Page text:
It's my senior year in high school, and I'm pitching the biggest game of my life. We're in the district finals, winning 5-0, and I'm throwing a shutout. It's the bottom of the 6th inning (in high school ball, you only play 7) and I've managed to get myself into a jam. I've loaded the bases with zero outs. I'm clearly rattled, and I've lost command of my pitches. After calling for time, I motion for my catcher Robbie to talk with me on the mound. My coach trots out to join us...
My coach knew I was pitching a gem, and had seen it erode in front of his eyes, just as I had. With a mouth full of tobacco, he chawed, 'Josh.... I need you to throw strikes.' He then turned around and walked back into the dugout.
Big help he was. I was expecting more from him. I needed wisdom; what I got was frustration.
Not knowing what else to do, I turned toward Robbie.
'Listen Josh, your lead shoulder is dropping when you deliver the ball; it's causing you to throw high on almost every pitch. You're missing your mark way up in the zone. Keep that lead shoulder up, relax in your motion, and you'll be just fine.'
Getting Culture Right
In our work with clients, we often discuss culture (and its aspects) as a predictor of safety outcomes. We do this because it's true! But aside from just presenting theories and statistics, we talk about why it's important to have a strong safety culture, and offer recommendations on how to get there. If you're a leader in your company, know that nobody influences culture more than you do. If your team believes you make fair decisions, then you have influence. You have credibility. You can contribute to their ability to work safer. If your team believes their boss 'has their back', they don't feel intimated to bring up safety issues. They feel like their input is valued.
If I perceived Robbie to be unfair, would I have paid attention to his suggestion around my arm mechanics? Would I have even listened to what he had to say? If I thought Robbie never supported me when I argued with my coach, would I have trusted that he had my best interests at heart when he told me what to change?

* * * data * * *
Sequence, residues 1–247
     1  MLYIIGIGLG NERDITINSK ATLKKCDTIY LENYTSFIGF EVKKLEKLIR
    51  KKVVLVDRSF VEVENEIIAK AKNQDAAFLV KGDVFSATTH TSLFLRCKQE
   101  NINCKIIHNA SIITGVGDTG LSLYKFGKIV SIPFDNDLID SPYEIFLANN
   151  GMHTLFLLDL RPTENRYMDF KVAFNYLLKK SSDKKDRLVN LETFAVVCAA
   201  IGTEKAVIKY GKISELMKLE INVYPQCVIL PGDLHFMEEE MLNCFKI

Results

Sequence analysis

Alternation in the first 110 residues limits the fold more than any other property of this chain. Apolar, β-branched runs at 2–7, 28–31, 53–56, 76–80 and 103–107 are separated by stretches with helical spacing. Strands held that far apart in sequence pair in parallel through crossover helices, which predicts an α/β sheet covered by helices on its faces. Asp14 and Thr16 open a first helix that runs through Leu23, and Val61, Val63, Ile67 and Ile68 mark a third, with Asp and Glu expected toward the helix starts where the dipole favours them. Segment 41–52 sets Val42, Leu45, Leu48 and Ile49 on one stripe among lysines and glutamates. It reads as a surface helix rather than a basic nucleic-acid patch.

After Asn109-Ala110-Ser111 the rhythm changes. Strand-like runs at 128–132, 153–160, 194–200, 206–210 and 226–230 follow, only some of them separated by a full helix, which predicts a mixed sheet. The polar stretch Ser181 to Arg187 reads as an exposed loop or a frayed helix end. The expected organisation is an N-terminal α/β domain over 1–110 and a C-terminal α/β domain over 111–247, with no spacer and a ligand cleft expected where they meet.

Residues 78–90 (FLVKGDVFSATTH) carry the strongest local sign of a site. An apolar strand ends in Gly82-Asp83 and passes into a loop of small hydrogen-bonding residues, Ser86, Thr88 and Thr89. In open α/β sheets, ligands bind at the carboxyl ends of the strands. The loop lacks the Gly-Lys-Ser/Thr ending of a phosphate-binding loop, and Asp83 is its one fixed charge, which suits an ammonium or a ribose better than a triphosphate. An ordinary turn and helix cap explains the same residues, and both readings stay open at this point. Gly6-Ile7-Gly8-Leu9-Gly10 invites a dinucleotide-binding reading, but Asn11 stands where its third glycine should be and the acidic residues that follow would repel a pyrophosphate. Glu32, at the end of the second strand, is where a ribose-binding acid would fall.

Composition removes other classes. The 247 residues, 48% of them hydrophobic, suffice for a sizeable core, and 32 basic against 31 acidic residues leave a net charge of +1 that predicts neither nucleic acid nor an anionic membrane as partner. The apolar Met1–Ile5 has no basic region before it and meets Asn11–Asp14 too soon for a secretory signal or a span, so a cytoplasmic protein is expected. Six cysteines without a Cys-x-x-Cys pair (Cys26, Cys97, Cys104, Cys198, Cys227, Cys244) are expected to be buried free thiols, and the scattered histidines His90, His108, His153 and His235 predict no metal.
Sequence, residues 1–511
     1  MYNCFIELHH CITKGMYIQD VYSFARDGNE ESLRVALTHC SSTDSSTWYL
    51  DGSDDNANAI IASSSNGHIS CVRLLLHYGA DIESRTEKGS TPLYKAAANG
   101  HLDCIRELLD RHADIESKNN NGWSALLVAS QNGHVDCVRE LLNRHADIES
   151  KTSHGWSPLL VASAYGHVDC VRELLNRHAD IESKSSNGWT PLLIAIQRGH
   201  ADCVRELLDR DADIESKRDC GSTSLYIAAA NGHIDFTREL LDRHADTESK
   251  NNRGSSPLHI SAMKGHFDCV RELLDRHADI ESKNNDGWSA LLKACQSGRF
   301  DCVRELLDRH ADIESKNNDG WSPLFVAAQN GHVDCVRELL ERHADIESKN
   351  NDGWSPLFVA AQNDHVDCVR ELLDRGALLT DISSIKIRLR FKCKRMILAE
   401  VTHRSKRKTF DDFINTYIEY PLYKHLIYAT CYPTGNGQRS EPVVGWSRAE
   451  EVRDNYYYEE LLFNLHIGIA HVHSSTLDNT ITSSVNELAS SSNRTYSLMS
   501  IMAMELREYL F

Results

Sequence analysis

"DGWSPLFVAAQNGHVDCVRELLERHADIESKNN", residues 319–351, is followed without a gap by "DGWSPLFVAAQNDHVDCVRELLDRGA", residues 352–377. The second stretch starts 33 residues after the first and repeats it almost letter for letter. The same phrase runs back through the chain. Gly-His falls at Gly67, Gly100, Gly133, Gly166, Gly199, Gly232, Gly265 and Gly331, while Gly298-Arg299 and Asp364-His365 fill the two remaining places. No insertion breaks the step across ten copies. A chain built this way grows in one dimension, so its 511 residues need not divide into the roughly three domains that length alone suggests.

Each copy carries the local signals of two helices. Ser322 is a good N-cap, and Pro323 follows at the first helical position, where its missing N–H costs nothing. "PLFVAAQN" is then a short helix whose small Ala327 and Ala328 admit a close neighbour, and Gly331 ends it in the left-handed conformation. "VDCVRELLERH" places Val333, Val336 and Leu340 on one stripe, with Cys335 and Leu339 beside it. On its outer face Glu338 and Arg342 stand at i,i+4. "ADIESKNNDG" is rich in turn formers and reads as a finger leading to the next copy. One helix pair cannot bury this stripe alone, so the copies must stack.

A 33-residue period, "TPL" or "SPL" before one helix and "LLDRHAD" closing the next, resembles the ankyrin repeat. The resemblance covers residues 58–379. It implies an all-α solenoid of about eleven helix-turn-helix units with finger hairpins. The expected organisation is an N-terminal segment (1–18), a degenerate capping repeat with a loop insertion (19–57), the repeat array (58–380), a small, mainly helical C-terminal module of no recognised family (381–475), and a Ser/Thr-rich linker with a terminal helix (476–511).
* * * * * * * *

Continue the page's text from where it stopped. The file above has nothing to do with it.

We often hear, 'We know that culture plays a role in our safety problems, how do we improve it?' Do you know the state of your organization's safety culture and how to address those aspects that drive exposure and injury? Do you know how your organization's safety culture measures up against others in your industry?
Using my baseball story as a guide, consider these four questions to help assess the current state of your organization's culture:
- 'Can your pitcher call a timeout when he sees or feels something wrong?' In other words, can your people stop work, without any repercussion, if they see a problem? When was the last time stop-work authority was exercised, and how did workers perceive it? Knowing this is important because it's a quick proxy for understanding your organization's value for safety.
- 'Do you often see your 'Robbies' providing the feedback needed in order to make a difference?' Robbie told me which arm mechanics to change. Is your culture one of focused improvement, driven through observation, and partnered with positive feedback? This is important because it's indicative of the broader cultural aspect of approaching others around safety.
- 'Do your 'Robbies' have the skill set they need to be an effective catcher?' Robbie's job wasn't just catching my pitches; it was paying attention to the things I wasn't aware of and setting me on a path to success. Are your supervisors able to demonstrate safety best practices when working with their line personnel? Are your supervisors and managers comfortable making regular safety contacts and influencing the behavior of their direct reports?
- 'Are your coaches communicating effectively and is their message heard and respected by their pitchers and catchers?' In my story I was frustrated with my coach because I didn't think he was doing much to help. Is this the feeling among your workers? Do you know the perception of leadership's credibility within your organization?